Before the opening of tailgate Lot 2 on Monday, Anthony Trifilo, a 40-year-old native of Lackawanna, N.Y., will strip the mannequin in his home that holds his Sunday best all week, in advance of the Week 13 primetime Bills game.
As the leader of Pancho’s Army, a Bills group named after the late superfan Ezra “Pancho Billa” Castro, Trifilo prides himself on a getup that celebrates the fan base’s multicultural roots (sombrero), as well as showing support for the military and those stricken with cancer (a military fatigue jacket sewn together with countless patches). Castro died of the disease back in 2019, shortly after Trifilo’s mother, who also had cancer.
He’ll meet up with a “band of misfits” who wear Darth Vader masks and full-body blue, red and white camouflage. Mary Wilson, the wife of the late Ralph Wilson, the Bills’ former owner, often stops by for Miller Lite, refusing the tailgate’s more upscale craft beverage choices. He made her a matching jacket, and she accepted with tears in her eyes (“I’m in the mafia now!” she said).
To say that Trifilo has seen a lifetime of events in that chaotic parking lot is an understatement. It is more than just “bad apples,” he says. More than just table slamming. Bills fans raise money for charity. Lots of it. After star corner Tre’Davious White tore his ACL last week, the fan base started donating money in multiples of 27 (his number) to the Food Bank of Northwest Louisiana, where White grew up. As of Monday, they’ve come up with more than $100,000.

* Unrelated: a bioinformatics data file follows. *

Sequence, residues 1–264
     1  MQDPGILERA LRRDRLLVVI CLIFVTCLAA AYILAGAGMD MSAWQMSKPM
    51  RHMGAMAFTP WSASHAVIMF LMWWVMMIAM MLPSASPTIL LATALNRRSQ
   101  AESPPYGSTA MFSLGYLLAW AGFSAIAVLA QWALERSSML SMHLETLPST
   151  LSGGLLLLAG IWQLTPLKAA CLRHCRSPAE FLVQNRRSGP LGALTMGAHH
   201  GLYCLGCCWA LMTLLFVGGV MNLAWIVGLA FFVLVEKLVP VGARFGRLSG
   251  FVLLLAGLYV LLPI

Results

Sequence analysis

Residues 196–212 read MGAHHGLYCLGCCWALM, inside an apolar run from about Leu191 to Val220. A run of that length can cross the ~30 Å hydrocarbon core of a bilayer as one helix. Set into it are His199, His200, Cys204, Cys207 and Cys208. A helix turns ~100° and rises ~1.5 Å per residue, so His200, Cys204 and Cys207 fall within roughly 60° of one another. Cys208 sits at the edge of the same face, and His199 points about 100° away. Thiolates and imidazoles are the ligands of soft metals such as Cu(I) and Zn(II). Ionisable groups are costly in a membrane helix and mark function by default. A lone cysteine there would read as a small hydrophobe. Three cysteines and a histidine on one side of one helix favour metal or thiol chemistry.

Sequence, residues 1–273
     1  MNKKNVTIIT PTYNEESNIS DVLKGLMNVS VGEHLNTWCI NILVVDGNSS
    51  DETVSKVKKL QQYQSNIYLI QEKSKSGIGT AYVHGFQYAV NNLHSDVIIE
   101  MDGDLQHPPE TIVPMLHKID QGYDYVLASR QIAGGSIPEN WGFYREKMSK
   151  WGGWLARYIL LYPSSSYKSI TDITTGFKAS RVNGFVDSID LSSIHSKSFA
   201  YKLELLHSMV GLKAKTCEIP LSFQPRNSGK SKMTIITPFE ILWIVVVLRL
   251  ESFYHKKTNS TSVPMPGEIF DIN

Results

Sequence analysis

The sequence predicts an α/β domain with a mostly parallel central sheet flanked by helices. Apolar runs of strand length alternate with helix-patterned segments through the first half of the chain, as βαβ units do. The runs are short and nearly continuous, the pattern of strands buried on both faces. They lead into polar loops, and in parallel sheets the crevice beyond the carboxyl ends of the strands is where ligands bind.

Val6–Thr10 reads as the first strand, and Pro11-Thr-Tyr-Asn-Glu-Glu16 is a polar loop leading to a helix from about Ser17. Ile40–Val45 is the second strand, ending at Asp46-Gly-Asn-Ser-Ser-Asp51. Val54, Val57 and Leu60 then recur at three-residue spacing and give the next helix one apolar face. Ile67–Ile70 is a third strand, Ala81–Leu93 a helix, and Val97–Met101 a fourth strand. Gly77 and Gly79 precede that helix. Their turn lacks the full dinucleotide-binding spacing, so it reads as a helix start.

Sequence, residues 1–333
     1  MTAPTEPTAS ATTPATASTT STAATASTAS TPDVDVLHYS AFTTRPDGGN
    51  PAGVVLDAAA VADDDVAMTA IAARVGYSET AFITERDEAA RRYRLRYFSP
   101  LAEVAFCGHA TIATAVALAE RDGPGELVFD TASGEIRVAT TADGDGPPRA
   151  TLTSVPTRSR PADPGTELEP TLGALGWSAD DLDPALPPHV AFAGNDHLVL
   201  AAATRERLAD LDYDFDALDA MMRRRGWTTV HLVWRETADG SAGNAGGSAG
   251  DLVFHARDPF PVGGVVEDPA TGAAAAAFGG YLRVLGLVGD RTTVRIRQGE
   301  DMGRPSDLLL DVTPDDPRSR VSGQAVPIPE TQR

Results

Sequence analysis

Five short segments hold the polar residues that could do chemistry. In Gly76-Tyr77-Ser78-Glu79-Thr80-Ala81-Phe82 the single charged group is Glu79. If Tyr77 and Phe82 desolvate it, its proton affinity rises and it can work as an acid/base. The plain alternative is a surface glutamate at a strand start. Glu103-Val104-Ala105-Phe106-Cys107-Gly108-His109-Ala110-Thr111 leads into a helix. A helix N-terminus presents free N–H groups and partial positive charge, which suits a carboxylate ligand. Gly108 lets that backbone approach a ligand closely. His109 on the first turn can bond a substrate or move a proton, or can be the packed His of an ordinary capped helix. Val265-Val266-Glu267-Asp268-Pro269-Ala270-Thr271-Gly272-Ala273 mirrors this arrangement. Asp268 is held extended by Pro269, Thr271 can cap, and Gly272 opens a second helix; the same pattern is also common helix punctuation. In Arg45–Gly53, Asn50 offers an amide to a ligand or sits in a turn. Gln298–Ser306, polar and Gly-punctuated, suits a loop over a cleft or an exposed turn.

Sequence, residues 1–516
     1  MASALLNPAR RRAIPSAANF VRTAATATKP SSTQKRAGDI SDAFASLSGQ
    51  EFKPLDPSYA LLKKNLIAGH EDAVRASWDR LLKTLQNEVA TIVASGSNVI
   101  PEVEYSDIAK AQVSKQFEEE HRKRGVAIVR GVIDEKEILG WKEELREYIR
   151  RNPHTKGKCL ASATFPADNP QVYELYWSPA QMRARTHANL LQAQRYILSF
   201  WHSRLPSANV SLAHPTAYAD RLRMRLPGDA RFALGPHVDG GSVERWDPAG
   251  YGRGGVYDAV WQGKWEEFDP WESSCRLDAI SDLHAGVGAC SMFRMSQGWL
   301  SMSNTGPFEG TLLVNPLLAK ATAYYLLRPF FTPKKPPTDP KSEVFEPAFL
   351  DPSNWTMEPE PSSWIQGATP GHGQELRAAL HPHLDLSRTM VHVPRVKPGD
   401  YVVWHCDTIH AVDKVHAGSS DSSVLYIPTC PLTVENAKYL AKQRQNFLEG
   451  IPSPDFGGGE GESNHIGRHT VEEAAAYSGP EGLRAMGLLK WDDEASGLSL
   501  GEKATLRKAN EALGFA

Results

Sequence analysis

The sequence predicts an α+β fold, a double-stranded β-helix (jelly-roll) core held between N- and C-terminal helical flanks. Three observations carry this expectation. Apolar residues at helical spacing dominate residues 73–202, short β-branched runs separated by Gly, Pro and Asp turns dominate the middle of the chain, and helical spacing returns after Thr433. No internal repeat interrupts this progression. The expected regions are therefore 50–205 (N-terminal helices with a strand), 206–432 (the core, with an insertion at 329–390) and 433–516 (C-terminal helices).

Monday’s Patriots game, though, will be somewhat of a new experience. Bills-Patriots will be the epicenter of football’s weekly programming onslaught. One could argue it’s among the most significant regular-season games the franchise has played in the 2000s. With the Patriots at 8–4 and the Bills at 7–4, the winner will get a leg up on winning the division. The Bills have been an ascending team since Sean McDermott’s arrival in 2017 but are now being coupled in the same breath with a team that dominated their division for two straight decades.
It is a game that could, as Trifilo said, ignite a dormant rivalry and finally turn the AFC East into a two-team division after 20 years of predictability.
“It’s electric, man,” Trifilo said over the phone after work on Friday.
Or maybe—as Joanie Podkowinski-DeKoker, the unofficial den mother of the Bills Mafia who has made every attendable Bills game since 2010, put it—legitimize a rivalry that has only felt like one to the people in Buffalo trampled underfoot by Tom Brady over the course of two decades.